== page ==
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#13
we're going to take a recorded pitch to do all the calculations our project. record first, then convert to music notation. That way the recording piece is nice and clean with no hick-ups due to any type of lag, and then we can run a slower, less efficent code to make the converstion, and speed it up as we go. so they'll probably start as to differn't pieces of code.
#14
I also would've personally gone with C++, but only if I thought this could happen...and I gotta say, I'm skeptical...

But hey, if you manage to do this, then I will shake your hand and possibly have your babies because it would be straight-up sexy.

*awaits updates*
#15
All depends on what OS. If its Windows, then go Visual C++ or something. They have a ton of libraries and api's for sound that you can use. You can also integrate ASIO into it. You want to add graphics and windows and menus and the like, its a million times easier in the Visual languages from Microsoft that it will be doing all that in something like Python. Plus, Python is more of a scripting language than a full out programming language. I'm not even sure of how to get a final 'executable' program from Python without running it from a web browser or something.

There is software that does this, but it's usually limited to monophonic sounds that are clear and distinct. If you expect to be able to play 3 or 4 instruments together and have it figure out what each instrument is and transcribe it, computers are still aways off with having the processing power that our brains can do.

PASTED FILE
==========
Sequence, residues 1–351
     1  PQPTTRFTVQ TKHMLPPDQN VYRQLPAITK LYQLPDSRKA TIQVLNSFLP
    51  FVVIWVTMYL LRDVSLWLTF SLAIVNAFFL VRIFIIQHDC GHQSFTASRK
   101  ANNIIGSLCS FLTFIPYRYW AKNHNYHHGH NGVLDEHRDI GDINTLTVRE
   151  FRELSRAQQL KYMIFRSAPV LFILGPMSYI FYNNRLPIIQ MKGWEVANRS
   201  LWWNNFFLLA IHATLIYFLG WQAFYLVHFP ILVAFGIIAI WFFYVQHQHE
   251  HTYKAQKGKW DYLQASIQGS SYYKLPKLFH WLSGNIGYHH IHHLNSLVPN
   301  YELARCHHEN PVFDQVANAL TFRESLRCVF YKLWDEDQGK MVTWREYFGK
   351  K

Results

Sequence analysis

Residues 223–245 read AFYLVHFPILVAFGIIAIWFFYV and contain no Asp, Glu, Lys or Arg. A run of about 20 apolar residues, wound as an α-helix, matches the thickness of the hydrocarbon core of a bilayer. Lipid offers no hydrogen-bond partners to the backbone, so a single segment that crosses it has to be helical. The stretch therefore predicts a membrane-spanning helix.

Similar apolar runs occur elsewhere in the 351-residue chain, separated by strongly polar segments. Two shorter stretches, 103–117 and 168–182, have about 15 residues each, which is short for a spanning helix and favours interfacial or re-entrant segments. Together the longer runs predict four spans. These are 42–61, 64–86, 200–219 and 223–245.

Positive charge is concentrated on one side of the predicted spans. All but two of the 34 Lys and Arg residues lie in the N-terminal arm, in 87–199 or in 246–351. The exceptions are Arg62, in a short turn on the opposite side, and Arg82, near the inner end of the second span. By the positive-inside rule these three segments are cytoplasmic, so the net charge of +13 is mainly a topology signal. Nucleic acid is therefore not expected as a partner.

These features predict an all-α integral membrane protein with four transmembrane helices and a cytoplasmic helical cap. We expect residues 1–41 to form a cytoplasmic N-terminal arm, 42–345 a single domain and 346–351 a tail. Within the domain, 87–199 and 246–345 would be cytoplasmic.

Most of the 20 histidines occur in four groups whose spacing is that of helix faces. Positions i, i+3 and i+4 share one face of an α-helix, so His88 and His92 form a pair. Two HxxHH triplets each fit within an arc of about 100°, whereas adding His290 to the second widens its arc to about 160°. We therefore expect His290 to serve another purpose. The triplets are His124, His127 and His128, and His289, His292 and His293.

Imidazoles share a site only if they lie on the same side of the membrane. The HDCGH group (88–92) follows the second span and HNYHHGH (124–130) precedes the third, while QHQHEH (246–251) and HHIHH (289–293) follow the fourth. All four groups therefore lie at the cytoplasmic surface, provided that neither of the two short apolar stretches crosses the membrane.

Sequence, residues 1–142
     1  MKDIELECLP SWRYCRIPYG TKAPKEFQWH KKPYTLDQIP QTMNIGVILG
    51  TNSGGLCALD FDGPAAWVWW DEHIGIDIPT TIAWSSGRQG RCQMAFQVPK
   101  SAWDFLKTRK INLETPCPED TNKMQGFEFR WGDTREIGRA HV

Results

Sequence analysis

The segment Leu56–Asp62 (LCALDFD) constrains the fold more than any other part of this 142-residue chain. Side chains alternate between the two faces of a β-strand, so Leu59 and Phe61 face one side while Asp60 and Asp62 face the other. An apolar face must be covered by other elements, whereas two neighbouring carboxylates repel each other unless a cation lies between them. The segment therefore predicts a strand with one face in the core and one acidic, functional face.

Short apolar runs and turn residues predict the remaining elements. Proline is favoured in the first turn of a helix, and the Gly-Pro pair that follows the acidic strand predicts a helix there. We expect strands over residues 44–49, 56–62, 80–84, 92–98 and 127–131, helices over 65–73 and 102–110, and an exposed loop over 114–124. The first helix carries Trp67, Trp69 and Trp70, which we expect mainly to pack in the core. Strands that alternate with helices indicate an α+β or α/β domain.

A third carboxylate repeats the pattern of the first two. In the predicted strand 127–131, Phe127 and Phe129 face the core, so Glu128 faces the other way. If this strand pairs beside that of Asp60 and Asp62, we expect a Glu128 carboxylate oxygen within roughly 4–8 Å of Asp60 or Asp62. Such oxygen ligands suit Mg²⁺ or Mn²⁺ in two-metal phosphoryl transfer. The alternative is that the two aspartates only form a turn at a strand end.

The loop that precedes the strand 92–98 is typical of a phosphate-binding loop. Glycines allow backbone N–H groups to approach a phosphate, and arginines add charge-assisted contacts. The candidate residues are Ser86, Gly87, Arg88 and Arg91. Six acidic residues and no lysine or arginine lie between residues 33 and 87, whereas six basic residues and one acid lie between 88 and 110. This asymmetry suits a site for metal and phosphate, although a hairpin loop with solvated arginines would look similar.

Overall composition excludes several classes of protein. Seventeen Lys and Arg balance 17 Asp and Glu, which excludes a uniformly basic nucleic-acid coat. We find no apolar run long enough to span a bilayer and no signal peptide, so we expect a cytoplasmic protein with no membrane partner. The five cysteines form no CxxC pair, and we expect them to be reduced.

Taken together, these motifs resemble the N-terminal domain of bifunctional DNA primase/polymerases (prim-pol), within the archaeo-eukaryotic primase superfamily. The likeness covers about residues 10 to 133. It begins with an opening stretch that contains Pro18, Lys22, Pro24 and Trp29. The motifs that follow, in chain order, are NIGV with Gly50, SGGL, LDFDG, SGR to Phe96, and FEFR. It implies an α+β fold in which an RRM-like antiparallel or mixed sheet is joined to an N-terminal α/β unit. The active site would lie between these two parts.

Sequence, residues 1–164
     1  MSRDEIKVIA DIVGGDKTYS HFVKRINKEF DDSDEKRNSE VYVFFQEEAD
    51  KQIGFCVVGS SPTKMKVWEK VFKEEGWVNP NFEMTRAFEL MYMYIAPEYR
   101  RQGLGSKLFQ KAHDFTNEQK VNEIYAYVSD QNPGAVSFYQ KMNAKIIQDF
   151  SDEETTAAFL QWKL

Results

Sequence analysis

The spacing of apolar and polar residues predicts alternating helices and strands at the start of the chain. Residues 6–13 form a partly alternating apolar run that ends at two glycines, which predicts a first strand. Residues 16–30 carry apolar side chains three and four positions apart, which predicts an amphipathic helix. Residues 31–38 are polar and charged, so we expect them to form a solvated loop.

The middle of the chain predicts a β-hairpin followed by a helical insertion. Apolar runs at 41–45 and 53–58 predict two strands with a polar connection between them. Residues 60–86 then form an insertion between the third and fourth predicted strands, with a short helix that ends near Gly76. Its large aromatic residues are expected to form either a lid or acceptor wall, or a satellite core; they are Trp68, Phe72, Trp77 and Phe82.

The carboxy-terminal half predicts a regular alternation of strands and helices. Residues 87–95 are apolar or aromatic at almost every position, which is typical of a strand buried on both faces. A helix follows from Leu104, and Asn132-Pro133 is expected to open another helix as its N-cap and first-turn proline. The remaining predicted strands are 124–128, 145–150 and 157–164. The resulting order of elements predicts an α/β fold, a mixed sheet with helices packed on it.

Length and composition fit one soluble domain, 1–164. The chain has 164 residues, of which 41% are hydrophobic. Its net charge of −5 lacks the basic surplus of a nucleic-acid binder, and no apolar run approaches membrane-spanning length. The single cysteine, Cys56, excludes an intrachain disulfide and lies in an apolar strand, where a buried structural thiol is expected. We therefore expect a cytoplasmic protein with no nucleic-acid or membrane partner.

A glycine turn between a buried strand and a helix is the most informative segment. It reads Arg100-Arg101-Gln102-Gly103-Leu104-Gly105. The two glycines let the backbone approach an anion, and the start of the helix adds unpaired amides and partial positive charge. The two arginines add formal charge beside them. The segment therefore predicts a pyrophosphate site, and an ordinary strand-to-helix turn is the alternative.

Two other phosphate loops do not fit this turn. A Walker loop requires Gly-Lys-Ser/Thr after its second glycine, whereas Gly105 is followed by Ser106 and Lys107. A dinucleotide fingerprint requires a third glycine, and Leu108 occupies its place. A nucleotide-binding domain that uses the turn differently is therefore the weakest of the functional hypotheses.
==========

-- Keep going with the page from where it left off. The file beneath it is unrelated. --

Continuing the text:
If you want to be able to play a slow, very articulated guitar sound or flute or violin or piano or something that is clean sounding and figure out what the notes are, then you're just making a tuner program that writes the notes it hears. You're going to have to get into FFT based math and algorithms for this, so enjoy, especially if you haven't done a good 2 or 3 years of university math. lol.

For more info, look up wave-to-midi on google, you'll get an idea of what is possible.
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Last edited by GeToChKn at Jan 9, 2010,
#16
I thank you for you critism, even if we can only get part of it done, it will be useful, and at the very least i have a program that records, and a lot more knowledge on the literal mechanics of sound. Also, it's for a class, and private use, so it won't be flashy but i'm not concerned about that.